U.S. Senate Passes Historic Gay Rights Bill
On Thursday, November 7, 2013, the United States Senate passed a bill that aims to prevent discrimination against gay and transgender employees in the workplace. The bill, which passed 64-32, now goes to the House of Representatives. Its future there, at this point, is unclear.
The Employment Non-Discrimination Act, or “ENDA,” would outlaw workplace discrimination on the basis of sexual orientation or gender identity. It is already illegal for employers to discriminate on the basis of race, color, sex, nationality, religion, age or disability. Twenty-one states currently have laws protecting LGBT individuals in the workplace; twenty-nine (including Georgia) do not.
The proposal marked the first major piece of legislation involving gay rights since Congress repealed the policy barring gays from openly serving in the military. President Obama celebrated ENDA’s passage, saying it will stop Americans from being denied a job or fired just because they are lesbian, gay, bisexual, or transgender. Despite the excitement surrounding the Senate bill, however, it is not clear that the President will have an opportunity to sign it into law any time soon.
House Speaker John Boehner and House Majority Leader Eric Cantor have expressed concerns that the proposal would lead to “frivolous lawsuits” and kill jobs. Conservative groups have also painted the proposal as anti-family. Currently, the bill is not scheduled for a vote in the House.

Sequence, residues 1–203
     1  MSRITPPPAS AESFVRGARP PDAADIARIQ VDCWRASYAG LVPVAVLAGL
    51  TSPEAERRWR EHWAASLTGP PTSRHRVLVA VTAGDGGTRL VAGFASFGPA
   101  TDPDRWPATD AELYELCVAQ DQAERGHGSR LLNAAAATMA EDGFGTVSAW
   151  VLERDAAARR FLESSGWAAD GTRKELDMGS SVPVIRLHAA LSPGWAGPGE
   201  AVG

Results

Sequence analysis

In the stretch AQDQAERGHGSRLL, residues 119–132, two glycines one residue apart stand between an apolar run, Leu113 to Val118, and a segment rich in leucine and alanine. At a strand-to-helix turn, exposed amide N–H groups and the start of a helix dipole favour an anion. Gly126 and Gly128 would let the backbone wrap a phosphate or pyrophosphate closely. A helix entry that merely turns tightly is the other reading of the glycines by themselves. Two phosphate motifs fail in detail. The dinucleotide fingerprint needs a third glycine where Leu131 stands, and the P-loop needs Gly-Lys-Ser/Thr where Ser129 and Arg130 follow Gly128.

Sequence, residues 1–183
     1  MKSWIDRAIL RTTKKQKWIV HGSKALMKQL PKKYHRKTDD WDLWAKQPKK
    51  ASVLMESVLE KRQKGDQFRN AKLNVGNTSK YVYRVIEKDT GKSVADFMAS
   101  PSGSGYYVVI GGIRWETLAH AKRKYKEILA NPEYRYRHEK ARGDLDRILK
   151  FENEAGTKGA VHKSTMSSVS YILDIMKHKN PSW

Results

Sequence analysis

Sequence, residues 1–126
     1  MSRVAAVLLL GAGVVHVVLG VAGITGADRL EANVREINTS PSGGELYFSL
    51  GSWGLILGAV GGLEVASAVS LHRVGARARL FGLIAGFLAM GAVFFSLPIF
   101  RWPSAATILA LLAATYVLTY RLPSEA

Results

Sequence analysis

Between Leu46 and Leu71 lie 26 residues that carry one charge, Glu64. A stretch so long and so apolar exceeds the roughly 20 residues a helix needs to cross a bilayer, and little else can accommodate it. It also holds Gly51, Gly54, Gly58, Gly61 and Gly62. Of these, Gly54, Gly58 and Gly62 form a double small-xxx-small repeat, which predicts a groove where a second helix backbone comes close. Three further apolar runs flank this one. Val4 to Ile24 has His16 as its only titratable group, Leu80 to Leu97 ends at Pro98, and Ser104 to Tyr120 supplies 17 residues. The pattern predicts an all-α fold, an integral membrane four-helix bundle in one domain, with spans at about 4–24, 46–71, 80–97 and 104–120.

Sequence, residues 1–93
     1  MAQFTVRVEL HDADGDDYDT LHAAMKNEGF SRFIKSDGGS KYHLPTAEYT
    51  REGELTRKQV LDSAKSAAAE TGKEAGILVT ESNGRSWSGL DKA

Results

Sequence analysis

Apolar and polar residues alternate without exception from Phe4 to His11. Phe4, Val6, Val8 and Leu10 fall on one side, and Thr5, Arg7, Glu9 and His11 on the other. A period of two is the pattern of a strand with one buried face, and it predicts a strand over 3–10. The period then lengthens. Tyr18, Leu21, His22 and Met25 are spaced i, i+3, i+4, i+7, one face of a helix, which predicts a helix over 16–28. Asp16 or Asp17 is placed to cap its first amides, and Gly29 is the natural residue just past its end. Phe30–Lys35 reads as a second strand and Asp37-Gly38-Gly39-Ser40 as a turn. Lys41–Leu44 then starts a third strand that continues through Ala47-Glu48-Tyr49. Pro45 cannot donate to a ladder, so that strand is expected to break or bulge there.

However, Senate Majority Leady Harry Reid predicted that House Republicans would support the bill if it came up for a vote. “I think the House is going to have to capitulate,” Reid said, “if they have any hope of having a president that can be a viable candidate or they think they can elect some Republicans and they want to hang onto the House.”
Following the vote, President Obama pressed the House to take up the measure. “One party in one house of Congress should not stand in the way of millions of Americans who want to go to work each day and simply be judged by the job they do,” said President Obama. “Now is the time to end this kind of discrimination in the workplace, not enable it.”
If passed, the law would be groundbreaking, creating a new “protected class” of American workers. Although many employers already have internal policies that prohibit discrimination against LGBT workers, in the majority of states (including Georgia) the law provides LGBT workers with no remedy in the event those policies are breached. Continue to monitor our website and newsletter for EDNA updates.